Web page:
The fog made me a bit more open to taking in the scenery

Despite my slight love of fog, I almost titled this bit “how the fog did us in.” Then I thought about it. The fog didn’t do us in necessarily. It may have actually helped see the light.
Let me backtrack.
I like fog for its eerie texture and composure. I hated fog when I lived in San Francisco at the top of a hill.  It was cool for a day or two -maybe even a week-then I tired of it and longed for sun.  But otherwise I tend to like fog to drive through and feel a bit haunted.   And so that is how I came to spend a day in Hong Kong.


The day started off overcast with a grave amount of fog settled onto the mountain top outside our window.  Immediately upon wakening one must question how the day will go.  Our plan was to spend the day touring an area called Lantau that would include us taking a small bus, a small boat, four large buses and a ferry.  Here, in Hong Hong, you surely utilze many types of transport within any given 24 hours. I’m totally game for that fog or no fog.


After a few bus rides, we first visited a small village on stilts. Apparently, it is the home of where shrimp paste is made and that scared me.  As someone with a severe shellfish allergy, shrimp paste gives me the heebie jeebies as it can innocuously be found in so many foods. The town was great to walk through, even while I tightly held onto my epipen. As we toured the village the fog kept coming in closer and closer.  Despite the fog, we were able to catch glimpses of a few white/pink tail dolphins.  That thrilled my son to no end. How glorious nature can be. Although, I must admit, I wondered if the dolphins had been paid off by the boat driver. Am I a jaded New Yorker sometimes? Absolutely.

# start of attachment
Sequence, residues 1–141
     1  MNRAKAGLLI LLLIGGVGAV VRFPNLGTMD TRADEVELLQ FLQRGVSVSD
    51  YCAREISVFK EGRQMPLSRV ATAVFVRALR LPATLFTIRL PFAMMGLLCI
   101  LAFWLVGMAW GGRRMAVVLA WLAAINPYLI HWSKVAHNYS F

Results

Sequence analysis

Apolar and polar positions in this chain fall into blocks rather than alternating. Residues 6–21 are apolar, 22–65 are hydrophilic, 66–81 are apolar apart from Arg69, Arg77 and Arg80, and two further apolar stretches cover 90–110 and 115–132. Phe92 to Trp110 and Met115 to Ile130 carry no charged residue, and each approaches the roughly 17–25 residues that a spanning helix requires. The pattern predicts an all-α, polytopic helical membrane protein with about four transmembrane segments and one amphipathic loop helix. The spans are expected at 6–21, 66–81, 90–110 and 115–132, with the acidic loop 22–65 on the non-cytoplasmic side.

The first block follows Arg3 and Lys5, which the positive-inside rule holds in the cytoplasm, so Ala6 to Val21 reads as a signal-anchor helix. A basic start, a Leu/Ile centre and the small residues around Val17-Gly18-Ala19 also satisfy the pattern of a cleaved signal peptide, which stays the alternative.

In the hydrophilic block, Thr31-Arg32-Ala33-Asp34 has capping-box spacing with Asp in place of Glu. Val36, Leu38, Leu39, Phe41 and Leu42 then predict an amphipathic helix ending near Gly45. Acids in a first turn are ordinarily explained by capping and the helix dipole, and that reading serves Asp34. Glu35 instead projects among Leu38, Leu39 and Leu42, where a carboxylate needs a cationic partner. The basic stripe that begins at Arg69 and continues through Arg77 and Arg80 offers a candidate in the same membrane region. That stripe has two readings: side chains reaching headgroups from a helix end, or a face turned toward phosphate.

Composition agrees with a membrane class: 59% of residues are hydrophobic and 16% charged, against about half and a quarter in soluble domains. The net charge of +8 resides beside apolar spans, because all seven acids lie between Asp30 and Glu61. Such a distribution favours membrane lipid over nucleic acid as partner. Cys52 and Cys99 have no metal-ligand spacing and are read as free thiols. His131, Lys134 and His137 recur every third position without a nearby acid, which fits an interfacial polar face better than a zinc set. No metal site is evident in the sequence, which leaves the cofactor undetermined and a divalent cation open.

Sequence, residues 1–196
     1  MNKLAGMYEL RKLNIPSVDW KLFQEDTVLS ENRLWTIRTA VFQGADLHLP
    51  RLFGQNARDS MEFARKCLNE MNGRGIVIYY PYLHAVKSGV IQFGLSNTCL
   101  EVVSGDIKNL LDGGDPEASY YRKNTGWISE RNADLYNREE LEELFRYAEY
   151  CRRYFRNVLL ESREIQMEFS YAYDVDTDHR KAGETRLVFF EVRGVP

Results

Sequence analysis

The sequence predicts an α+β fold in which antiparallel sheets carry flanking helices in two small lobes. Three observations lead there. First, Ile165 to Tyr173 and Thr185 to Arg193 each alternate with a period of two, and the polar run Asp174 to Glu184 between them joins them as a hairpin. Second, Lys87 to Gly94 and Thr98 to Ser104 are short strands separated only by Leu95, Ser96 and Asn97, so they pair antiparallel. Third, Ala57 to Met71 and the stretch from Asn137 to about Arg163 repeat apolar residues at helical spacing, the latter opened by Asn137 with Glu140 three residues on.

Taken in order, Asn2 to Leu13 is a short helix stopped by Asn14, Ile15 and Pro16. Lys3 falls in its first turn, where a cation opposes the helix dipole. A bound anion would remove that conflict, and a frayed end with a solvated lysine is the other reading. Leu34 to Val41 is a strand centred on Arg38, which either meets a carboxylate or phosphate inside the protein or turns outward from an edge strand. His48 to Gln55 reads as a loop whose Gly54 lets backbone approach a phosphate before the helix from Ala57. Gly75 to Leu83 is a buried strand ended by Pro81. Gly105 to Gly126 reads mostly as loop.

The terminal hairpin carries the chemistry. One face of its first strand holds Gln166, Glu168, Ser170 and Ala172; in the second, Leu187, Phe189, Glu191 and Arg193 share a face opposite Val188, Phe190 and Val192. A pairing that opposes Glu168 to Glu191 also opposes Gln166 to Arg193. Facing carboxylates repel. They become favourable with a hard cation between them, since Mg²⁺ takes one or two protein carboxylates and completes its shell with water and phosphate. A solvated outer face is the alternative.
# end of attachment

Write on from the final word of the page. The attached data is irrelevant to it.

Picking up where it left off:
We then went to the monastery and heard amazing sounds of prayer. The emphasis on heard because little by little the fog enveloped us nearly completely.   You had to rely on your other senses and have a mindset that adventure happens in both the sun and in the fog. A bit contrary to expectations, the fog made everyone a bit more open to taking in the scenary. I mean, we fought with all our might and senses to take in the scene. Outlines of figures meant much to us.

And what we caught in the fog was a bit magical. Of course, I would have appreciated full blazing sun. However, I came to rather enjoy the foggy landscape as it allowed my mind to flourish and be creative.

I felt an odd sense of being protected.

13 replies »

  1. I couldn’t help but think of this lovely poem when I read your blog and your title. I hope you don’t mind. I know Robert Frost has a short poem also but this one really captures a haunting/ancient mood for me that I see in some of your pics.
    THE FOG’ by F.R. McCreary.
    Slowly the fog,
    Hunched-shouldered with a grey face,
    Arms wide, advances
    Finger-tips touching the way
    Past dark houses
    And dark gardens of roses.
    Up the short street from the harbor,
    Slowly the fog,
    Seeking, seeking;
    Arms wide, shoulders hunched,
    Searching, searching
    Out through the streets to the fields,
    Slowly the fog-
    A blind man hunting the moon.


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